Hey guys and gals. It’s only been four days, but it feels like a bit longer. I missed this. But I just revamped my theme, if you didn’t notice. Let me know what you think! Also, I know some of you nominated me for tags/awards and I promise I will eventually get around to them 🙂 This, though, is a book post.
I’ve certainly been behind on my TBR, which I posted a while ago. I’ve been trying to read them in order, just because I thought it would be more interesting and orderly. However, I can’t get through Emma. Well, I can, I’m just inching very very slowly. I’ll probably just move on to Fantastic Beasts and come back to Emma later.
But I have a surprise review for a surprise book! While at Target some time ago, I saw this book – which is signed and has extra content and bought it, since I’ve read the first book, Passenger. So here you go; enjoy.
Etta Spencer didn’t know she was a traveler until the day she emerged both miles and years from her home. Now, robbed of the powerful object that was her only hope of saving her mother, Etta finds herself stranded once more, cut off from Nicholas-the eighteenth century privateer she loves-and her natural time.
When Etta inadvertently stumbles into the heart of the Thorns, the renegade travelers who stole the astrolabe from her, she vows to finish what she started and destroy the astrolabe once and for all. Instead, she’s blindsided by a bombshell revelation from their leader, Henry Hemlock: he is her father. Suddenly questioning everything she’s been fighting for, Etta must choose a path, one that could transform her future.
Still devastated by Etta’s disappearance, Nicholas has enlisted the unlikely help of Sophia Ironwood and a cheeky mercenary-for-hire to track both her and the missing astrolabe down. But as the tremors of change to the timeline grow stronger and the stakes for recovering the astrolabe mount, they discover an ancient power far more frightening than the rival travelers currently locked in a battle for control. . . a power that threatens to eradicate the timeline altogether.
From colonial Nassau to New York City, San Francisco to Roman Carthage, imperial Russia to the Vatican catacombs, New York Times #1 best-selling author Alexandra Bracken charts a gorgeously detailed, thrilling course through time in this stunning conclusion to the Passenger series.
Author – Alexandra Bracken
Publication – January 2017
Genre – Young Adult Adventure/Fantasy
Age Level (of the entire series) – 9th and up
Like the first book in this duology, Passenger, Wayfarer was a bit complex and dragged its feet at certain points. Also, some of the characters got on my nerves tremendously. But I found it certainly more satisfying than Passenger. It was an intricate work of art, a maze through time and history, a journey of several different people of “Love. Sacrifice. Release.”
Alex’s writing is so rich and beautiful. Her imagery is just incredible. Example –
“The lacework of spiderwebs spread from corner to corner, catching the fragile moonlight. Time began to slip around him, peeling back the years, mending the cracks in the floor and the scuffing on the wall, filling the room with soft candlelight and whispers of life.”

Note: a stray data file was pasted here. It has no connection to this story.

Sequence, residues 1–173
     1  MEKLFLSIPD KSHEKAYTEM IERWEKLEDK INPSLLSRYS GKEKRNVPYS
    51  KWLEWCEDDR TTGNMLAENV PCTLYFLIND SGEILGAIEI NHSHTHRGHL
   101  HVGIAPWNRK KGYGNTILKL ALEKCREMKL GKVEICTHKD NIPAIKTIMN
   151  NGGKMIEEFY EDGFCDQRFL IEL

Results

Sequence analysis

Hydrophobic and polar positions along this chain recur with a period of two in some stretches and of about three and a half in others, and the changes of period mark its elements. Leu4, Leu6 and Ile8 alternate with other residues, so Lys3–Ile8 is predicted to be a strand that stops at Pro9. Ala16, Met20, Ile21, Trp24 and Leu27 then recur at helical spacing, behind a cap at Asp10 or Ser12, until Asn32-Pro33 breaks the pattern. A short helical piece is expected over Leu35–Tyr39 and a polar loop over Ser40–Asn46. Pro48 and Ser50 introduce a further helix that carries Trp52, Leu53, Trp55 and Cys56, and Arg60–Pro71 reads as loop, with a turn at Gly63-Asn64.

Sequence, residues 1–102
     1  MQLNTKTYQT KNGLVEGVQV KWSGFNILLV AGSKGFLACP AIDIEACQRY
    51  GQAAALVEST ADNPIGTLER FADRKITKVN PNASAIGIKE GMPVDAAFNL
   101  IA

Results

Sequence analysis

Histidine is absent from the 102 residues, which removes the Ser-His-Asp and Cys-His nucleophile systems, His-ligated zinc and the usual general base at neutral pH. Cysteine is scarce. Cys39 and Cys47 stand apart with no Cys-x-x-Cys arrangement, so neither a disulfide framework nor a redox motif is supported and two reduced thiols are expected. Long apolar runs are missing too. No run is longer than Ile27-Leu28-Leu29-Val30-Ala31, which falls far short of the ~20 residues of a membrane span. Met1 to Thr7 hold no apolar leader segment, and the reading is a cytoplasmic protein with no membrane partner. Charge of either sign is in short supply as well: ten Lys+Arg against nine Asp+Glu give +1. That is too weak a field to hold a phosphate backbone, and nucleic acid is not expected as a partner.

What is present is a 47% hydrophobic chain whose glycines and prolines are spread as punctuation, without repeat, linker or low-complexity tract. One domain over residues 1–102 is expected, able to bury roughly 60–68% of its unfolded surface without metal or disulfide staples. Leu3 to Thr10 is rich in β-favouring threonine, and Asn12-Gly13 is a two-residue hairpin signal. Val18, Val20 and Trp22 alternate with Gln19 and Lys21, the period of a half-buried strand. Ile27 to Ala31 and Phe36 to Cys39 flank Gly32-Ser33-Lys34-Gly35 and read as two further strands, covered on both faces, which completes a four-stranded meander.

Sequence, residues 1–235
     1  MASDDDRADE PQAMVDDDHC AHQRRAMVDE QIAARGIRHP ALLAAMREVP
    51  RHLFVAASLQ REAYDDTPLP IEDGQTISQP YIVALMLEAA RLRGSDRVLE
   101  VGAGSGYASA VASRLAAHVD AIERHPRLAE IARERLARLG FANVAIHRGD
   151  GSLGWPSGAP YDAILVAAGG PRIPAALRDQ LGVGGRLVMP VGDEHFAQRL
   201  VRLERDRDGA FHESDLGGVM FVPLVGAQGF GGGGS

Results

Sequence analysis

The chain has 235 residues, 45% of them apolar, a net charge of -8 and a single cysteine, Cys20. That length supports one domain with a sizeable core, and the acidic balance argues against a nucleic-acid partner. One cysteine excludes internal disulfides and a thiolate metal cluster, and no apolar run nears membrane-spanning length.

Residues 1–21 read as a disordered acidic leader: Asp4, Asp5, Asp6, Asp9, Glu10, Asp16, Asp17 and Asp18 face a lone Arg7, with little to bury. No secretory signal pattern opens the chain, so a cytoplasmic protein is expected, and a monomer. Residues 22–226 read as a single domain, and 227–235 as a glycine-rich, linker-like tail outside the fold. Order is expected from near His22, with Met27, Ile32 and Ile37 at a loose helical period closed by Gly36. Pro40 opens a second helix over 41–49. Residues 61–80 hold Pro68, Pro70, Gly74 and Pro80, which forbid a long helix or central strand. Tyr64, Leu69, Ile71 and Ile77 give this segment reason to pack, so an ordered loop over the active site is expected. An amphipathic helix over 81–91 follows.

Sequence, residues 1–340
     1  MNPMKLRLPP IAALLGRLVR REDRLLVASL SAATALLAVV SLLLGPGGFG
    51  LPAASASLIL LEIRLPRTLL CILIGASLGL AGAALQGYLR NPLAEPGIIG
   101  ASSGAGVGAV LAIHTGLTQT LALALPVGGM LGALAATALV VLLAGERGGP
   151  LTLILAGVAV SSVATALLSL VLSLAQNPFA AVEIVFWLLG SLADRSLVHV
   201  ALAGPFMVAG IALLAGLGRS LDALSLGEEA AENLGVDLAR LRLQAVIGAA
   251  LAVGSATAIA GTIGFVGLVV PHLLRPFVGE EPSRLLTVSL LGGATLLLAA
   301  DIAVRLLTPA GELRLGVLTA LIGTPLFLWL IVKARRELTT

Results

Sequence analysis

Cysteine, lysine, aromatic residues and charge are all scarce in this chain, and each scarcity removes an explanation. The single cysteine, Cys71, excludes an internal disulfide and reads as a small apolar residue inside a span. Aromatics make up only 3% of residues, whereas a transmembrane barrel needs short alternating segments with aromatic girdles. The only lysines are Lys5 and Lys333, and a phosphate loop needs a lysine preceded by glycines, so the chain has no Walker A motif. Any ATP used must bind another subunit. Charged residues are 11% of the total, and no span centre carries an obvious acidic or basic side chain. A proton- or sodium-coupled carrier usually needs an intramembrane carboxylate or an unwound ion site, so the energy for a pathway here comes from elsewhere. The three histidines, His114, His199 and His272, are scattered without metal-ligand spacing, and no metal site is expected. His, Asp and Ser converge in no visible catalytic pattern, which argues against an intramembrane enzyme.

There are so many wise little lessons and questions sandwiched throughout the pages of this book. Unlike Code Name Verity and that review, I thought this book didn’t propose as many lessons to me in general, just more thought-moving questions. So, some of the major themes –
- Destiny and life as it relates to it. “‘I believe in humanity, in peace, and the natural order of things,’ he said. ‘I believe that the only way to balance the power of what we can do is sacrifice. Accepting that we cannot possess the things and people meant for us, we cannot control every outcome, we cannot cheat death.'” Henry says this on page 112.
- History and what it really is. Page 447 – “What was history anyway but the lies of the winning few? Why was it worth protecting, when it forgot the starving child under siege, the slave woman on her deathbed, the man lost at sea? It was an imperfect record written by a biased hand, diluted to garner the most agreement from competing parties.”
- People and love. “‘I believe that nothing breaks the bonds between people, not years or distance.'” Also – “‘There is a journey you make through the world – the one that aches and stings. We come together with others to make our way and survive it’s trials,’ she said, ‘But we are, all of us, also wayfarers on a greater journey, this one without end, each of us searching for the answers to the unspoken questions of our hearts.'”
- The “Pattern” and “Rhythm” of life. (I’m listening to Katy Perry’s new song, Chained to the Rhythm right now 🙂 ) “Everything had a rhythm, he realized; a recognizable ebb and flow. Love, separation. Work, rest. Pain, rum.”
You shouldn’t read this if –
- If you haven’t read Passenger.
- If you’re not into long, meaningful, but complex stories.
- If you don’t like/know a bit about history.
- If you’re not in high school or soon to be in high school.
You should read this –
- If the opposite is true of any of the above.
- If you like time travel.
- If you like interesting and a bit weird characters, and rich, beautiful heroes.
- If you want a story that will make you shiver and smile at the different ways reality displays itself, a story that captivates you and takes you to a completely different world, a story that applies to the real world around you.
I only marked the best lines and parts…
Alex’s lovely signature.
Thanks for reading. If you’ve read this book or the first book, let me know in the comments so we can talk about it. Or just let me know what you think.
–Adventuring Girl xx